Second, a "substantial ground for differ╜ence of opinion" must be established regard╜ing the controlling question of law. 28 U.S.C. ╖ 1292(d)(2). The Federal Circuit has held that this "substantial ground" can be two different, but plausible, interpreta╜tions of a line of cases. See Vereda, Ltda. v. United States, 271 F.3d 1367, 1374 (Fed.Cir. 2001) (agreeing with trial court that " ▒sub╜stantial ground for difference of opinion' " was present regarding interaction between two Federal Circuit cases). More often, however, this criterion manifests as splits among the circuit courts.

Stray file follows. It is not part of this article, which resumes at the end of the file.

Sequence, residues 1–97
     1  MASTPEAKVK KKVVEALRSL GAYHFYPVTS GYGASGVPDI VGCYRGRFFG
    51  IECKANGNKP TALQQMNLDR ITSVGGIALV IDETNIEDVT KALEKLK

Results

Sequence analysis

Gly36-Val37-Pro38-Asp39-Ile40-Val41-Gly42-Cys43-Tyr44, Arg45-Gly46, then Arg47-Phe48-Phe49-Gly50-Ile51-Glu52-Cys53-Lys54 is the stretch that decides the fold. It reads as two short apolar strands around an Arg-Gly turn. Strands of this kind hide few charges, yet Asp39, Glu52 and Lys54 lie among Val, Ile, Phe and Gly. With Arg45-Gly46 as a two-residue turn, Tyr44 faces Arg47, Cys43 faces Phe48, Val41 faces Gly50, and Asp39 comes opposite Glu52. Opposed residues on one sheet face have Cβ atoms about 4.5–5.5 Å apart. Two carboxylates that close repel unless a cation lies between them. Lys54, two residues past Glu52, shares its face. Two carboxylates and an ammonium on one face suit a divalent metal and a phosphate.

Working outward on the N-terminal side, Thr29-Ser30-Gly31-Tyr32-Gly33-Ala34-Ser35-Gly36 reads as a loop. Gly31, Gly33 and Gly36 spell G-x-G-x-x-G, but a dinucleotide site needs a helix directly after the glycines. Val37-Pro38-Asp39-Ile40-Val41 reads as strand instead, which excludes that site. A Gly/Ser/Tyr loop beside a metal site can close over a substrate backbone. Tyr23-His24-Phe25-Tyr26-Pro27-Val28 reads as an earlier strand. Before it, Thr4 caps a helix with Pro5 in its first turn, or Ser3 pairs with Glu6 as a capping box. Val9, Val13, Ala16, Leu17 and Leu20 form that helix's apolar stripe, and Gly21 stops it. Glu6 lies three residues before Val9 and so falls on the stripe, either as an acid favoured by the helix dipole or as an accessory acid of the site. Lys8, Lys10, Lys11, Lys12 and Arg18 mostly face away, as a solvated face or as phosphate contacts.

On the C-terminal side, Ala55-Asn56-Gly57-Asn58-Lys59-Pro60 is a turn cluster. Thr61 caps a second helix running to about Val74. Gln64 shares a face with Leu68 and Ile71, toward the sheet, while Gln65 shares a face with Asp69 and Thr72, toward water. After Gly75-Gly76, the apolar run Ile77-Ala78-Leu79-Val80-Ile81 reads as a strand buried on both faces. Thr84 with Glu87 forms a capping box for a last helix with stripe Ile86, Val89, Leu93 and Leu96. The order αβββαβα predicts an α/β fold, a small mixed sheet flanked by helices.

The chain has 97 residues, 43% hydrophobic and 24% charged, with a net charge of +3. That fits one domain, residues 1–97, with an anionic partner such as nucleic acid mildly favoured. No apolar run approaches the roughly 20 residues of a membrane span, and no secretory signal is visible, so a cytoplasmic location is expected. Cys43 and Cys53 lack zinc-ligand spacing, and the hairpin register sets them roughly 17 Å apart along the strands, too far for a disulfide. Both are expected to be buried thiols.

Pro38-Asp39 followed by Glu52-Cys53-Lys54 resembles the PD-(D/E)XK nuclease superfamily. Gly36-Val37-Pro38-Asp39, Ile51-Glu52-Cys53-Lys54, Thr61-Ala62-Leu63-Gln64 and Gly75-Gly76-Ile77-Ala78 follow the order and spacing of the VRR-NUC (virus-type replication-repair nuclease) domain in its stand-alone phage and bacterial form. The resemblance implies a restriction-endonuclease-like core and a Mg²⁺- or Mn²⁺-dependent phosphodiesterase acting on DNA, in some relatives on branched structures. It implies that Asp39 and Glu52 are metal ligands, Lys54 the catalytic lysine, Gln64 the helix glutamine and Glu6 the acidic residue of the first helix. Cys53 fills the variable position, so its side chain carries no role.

Under either approach the judicial record reveals a substantial ground for difference of opinion in the correct interpretation of sec╜tion 6229(a). This court held that section 6229(a) is facially ambiguous, subject to two different interpretations that even the legis╜lative history could not resolve. If different, but plausible, interpretations of Federal Cir╜cuit caselaw can be considered "substantial ground[ ] for difference of opinion[,]" then different, but plausible, interpretations of section 6229(a) should be so considered, as well. While this court agrees with defendant that the most recent court decisions were in defendant's favor, the circuits have split re╜garding the proper interpretation of section 6229(a). Compare Weiner v. United States, 389 F.3d 152 (5th Cir.2004) (viewing section 6229(a) as separate statute of limitations), and Callaway v. Comm'r, 231 F.3d 106 (2d Cir.2000) (same), with Andantech, L.L.C. v. Comm'r, 331 F.3d 972 (D.C.Cir.2003) (hold╜ing that section 6229(a) operates as extension of time rather than separate statute of limita╜tions). The court recognizes that none of the cases provides extensive analysis of the inter╜pretation of section 6229(a), but they do es╜pouse conflicting views among the circuits. Therefore, because section 6229(a) has two plausible readings, and because there the circuits have split regarding the meaning of the provision, a substantial ground for difference of opinion under this factor has been established.